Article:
The eye disorder CFEOM3
The nerve fibers responsible for eyelid opening and eye movement do not navigate properly, resulting in incomplete and/or erroneous connections to the eye muscles--and ultimately, droopy eyelids and restricted eye movement. Left, normal eye. Right, CFEOM3 eye. (Adapted from Tischfield MA et al. 2010 Jan 8; Cell 140(1): 74-87.)
by Michelle Pflumm, PhD
A gene whose mutation leads to droopy eyelids and restricted eye movement turns out to have a lot to do with how the nervous system as a whole establishes and maintains nerve connections. And it works in an unusual way, essentially washing out a highway that critical proteins in nerve cells, or neurons, need to travel.
The gene, called TUBB3, was identified as the critical gene altered in the rare eye disease CFEOM3 in the lab of Elizabeth Engle, MD, professor of Neurology and Ophthalmology at Boston Children's Hospital. The so-called tubulin protein encoded by TUBB3 is active only in neurons, and is a critical component of microtubules, hollow tubes that structurally support the cell and serve as cellular highways. Kinesins travel these highways, carrying vital cargo--including proteins critical for axon growth and guidance. Without these proteins, nerve fibers cannot navigate to their proper targets in the developing nervous system.
Engle's international, multi-institutional team pinpointed eight independent TUBB3 mutations associated with CFEOM3. Some patients with these mutations also had varying degrees and combinations of intellectual, behavioral and social deficits, facial paralysis and progressive motor and sensory nerve degeneration.
"The human disease phenotype really depends on where the mutation is in the microtubule," says Engle. "That is what is so surprising."
Looking at the impact of these mutations in mice, Engle's team found evidence that TUBB3 plays a critical role in axon guidance. The nerve fibers in the brains of TUBB3 mutant mice failed to grow toward their intended targets.
TUBB3 mutations result in defects in axon pathfinding
Above, a slice of a mouse brain containing either normal or altered TUBB3 protein. In the TUBB3 mutant mice, nerve fibers (denoted by the arrows) do not extend beyond the midline to either side of the brain. Image courtesy of graduate student and first author Max Tischfield. (Adapted from Tischfield MA et al. 2010 Jan 8; Cell 140(1): 74-87.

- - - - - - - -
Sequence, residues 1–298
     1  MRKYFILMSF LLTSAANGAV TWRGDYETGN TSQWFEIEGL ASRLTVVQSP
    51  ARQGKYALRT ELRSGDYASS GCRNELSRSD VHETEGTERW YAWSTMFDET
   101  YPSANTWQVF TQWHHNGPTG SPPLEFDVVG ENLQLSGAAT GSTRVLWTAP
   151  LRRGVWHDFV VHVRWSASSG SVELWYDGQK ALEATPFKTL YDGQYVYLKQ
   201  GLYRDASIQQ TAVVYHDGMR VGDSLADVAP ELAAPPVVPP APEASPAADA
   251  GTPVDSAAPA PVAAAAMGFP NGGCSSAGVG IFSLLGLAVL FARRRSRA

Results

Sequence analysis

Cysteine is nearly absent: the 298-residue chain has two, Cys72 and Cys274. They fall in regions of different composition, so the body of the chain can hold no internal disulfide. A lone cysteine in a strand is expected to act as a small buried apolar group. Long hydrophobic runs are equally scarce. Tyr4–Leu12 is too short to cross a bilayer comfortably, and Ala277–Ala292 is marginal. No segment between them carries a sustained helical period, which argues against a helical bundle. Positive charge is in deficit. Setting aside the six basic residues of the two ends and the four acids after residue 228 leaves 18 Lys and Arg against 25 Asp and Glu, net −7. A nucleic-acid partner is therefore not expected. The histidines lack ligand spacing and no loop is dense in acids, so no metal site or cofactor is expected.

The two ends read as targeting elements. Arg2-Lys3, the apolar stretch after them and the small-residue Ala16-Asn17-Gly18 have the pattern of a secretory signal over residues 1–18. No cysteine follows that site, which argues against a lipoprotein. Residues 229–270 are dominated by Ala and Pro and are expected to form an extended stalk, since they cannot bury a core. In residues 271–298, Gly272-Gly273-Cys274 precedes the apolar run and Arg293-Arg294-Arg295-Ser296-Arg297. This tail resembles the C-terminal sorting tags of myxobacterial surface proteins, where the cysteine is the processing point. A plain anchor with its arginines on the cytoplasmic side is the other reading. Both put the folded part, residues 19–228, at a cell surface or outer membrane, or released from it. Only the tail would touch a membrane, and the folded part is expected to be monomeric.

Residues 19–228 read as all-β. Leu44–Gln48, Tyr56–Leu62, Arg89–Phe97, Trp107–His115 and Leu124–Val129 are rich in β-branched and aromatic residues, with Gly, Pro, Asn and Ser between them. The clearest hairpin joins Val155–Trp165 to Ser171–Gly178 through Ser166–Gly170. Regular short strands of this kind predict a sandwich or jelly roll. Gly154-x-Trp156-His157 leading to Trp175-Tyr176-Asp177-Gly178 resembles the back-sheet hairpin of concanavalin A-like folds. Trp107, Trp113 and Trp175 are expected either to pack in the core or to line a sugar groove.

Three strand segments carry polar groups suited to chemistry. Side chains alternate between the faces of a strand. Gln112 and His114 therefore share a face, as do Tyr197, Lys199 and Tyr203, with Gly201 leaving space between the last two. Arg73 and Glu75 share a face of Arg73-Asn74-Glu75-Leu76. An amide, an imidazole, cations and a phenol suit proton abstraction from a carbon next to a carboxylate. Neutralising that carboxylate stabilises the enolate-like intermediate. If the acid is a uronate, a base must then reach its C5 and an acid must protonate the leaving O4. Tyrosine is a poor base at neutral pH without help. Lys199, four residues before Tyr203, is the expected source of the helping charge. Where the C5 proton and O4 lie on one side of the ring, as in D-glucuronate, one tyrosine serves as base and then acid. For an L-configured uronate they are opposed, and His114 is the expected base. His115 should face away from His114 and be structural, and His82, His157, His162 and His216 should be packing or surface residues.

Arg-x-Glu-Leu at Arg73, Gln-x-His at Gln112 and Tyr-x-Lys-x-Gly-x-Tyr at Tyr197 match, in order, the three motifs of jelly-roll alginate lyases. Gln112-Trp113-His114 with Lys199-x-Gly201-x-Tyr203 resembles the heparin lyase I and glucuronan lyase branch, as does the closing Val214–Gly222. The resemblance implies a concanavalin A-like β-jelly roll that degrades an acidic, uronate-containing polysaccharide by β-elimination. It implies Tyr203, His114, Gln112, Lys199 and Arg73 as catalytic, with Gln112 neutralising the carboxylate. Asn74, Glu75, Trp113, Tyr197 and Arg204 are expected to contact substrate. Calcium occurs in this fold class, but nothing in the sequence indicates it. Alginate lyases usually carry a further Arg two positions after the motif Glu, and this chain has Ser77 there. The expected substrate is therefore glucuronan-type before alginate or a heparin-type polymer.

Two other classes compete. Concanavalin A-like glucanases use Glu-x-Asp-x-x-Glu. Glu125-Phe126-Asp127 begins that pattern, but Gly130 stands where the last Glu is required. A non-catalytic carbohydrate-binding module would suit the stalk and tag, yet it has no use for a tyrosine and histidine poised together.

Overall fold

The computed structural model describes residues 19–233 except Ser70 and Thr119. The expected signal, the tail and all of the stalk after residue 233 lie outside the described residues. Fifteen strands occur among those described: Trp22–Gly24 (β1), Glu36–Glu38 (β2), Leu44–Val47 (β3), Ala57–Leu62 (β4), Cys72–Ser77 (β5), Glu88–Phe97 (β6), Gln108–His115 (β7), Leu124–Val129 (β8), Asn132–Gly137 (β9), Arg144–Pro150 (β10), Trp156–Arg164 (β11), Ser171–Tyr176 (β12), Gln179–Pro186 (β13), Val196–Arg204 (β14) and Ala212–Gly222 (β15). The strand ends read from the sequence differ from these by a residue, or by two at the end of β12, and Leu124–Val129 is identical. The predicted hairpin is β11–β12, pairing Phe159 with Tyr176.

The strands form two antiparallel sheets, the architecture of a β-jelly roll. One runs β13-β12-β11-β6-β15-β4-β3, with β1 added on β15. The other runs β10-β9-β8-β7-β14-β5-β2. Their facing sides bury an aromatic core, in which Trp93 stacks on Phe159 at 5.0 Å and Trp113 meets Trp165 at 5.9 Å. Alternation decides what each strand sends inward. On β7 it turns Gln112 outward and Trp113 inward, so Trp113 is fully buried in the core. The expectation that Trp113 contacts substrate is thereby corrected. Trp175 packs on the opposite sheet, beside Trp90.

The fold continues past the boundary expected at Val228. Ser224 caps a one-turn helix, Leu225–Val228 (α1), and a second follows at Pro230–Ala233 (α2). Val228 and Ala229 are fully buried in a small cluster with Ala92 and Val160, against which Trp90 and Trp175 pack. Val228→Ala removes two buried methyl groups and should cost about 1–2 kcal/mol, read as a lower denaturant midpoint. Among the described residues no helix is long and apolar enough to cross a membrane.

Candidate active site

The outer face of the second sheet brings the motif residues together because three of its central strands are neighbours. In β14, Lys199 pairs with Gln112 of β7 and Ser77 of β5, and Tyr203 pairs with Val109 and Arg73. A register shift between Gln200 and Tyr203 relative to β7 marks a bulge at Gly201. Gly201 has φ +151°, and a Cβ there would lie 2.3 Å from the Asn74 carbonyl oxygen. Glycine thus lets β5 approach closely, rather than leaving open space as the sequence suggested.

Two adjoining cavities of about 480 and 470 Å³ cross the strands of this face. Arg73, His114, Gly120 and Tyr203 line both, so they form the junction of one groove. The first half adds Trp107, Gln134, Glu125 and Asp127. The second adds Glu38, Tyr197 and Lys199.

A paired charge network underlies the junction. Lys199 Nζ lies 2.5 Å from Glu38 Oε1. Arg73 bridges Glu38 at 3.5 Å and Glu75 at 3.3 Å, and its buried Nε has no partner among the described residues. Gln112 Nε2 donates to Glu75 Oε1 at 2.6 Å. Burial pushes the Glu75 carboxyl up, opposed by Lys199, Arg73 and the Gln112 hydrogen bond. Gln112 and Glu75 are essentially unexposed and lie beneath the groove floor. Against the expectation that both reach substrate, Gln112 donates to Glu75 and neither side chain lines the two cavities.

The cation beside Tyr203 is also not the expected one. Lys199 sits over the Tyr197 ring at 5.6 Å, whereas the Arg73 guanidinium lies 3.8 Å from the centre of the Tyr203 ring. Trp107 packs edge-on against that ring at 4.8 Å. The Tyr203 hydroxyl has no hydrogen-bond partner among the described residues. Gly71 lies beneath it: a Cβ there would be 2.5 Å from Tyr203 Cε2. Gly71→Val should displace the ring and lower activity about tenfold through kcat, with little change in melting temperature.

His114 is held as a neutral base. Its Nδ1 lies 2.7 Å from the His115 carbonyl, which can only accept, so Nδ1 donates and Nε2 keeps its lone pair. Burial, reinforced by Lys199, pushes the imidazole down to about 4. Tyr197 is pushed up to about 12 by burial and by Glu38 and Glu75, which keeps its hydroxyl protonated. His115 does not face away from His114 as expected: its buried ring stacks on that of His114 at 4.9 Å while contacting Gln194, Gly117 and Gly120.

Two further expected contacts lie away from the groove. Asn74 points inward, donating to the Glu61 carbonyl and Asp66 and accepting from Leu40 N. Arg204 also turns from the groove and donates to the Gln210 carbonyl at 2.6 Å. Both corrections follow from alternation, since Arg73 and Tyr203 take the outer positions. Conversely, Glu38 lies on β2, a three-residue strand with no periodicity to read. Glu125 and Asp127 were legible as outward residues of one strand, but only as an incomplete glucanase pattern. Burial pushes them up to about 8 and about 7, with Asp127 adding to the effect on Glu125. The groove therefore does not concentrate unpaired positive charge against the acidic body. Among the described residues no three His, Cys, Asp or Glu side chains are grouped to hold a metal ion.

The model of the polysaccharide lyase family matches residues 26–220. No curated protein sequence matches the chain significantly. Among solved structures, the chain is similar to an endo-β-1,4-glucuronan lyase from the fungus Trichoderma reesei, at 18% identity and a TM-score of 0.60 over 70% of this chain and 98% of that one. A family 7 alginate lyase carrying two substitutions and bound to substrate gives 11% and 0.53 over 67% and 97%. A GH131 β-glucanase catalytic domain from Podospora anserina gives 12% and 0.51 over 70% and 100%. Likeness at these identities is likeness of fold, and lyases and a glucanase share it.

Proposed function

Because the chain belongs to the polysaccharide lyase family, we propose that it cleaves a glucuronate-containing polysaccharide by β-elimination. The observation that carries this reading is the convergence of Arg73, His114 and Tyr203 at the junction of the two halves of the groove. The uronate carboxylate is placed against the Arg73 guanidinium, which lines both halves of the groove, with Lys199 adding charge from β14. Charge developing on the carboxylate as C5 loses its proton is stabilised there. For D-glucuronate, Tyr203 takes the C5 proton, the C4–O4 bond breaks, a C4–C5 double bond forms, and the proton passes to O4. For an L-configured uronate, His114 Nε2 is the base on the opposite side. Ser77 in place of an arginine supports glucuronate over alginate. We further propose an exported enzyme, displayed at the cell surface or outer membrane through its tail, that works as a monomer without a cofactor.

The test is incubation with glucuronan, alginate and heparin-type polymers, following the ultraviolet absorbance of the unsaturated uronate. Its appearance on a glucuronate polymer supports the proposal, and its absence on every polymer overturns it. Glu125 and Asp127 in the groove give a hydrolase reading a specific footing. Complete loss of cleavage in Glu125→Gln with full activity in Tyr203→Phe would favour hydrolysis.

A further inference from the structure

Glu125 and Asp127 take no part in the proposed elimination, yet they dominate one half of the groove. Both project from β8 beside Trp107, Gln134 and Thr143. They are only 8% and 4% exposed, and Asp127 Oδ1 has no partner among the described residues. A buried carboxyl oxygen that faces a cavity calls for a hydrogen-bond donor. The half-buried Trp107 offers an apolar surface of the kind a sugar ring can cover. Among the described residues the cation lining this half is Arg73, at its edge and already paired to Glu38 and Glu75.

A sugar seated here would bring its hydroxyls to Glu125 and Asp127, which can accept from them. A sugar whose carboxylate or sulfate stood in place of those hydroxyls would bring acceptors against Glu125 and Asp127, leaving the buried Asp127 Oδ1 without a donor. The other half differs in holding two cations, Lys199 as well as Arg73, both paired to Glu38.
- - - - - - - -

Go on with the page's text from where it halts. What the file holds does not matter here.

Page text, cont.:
Taking a closer look at the affected microtubules, the researchers found that some of the TUBB3 mutations specifically knocked out the ability of kinesins to hold onto the microtubules, rendering them unable to deliver their cargo.
"The kinesins just so happen to 'walk' specifically on two of the residues mutated in these disorders," explains Engle, "exactly where their feet go down onto the microtubule."
TUBB3 mutations slow certain traffic on microtubules to a crawl
Kinesins are unable to grab onto TUBB3-altered microtubules, rendering them unable to deliver vital cargo (purple and yellow dots), including proteins needed for axon pathfinding. (Adapted from Tischfield MA et al. 2010 Jan 8; Cell 140(1): 74-87.)
In addition, the researchers found that these structures were unable to rapidly grow and shrink--and therefore unable to rapidly respond to external cues. This is critical for axon pathfinding.
Now, in collaboration with Judith Steen PhD, of the Department of Neurobiology, Engle's team is using quantitative proteomics techniques to identify other critical components that are missing on TUBB3 microtubules. Engle hopes the identified proteins will provide more insight into the signaling mechanisms necessary for axon guidance and help explain the varied symptoms in CFEOM3 patients with different TUBB3 mutations.
Two other rare brain diseases were recently traced to altered forms of other neuronal types of tubulin. Collectively, these studies suggest that different kinds of microtubules work together to wire the brain properly. By understanding their differences, we can understand how our brains develop and ultimately, how we can most effectively treat these diseases.
"The more we understand the specific disorders," says Engle, "the easier it will be to provide targeted therapy."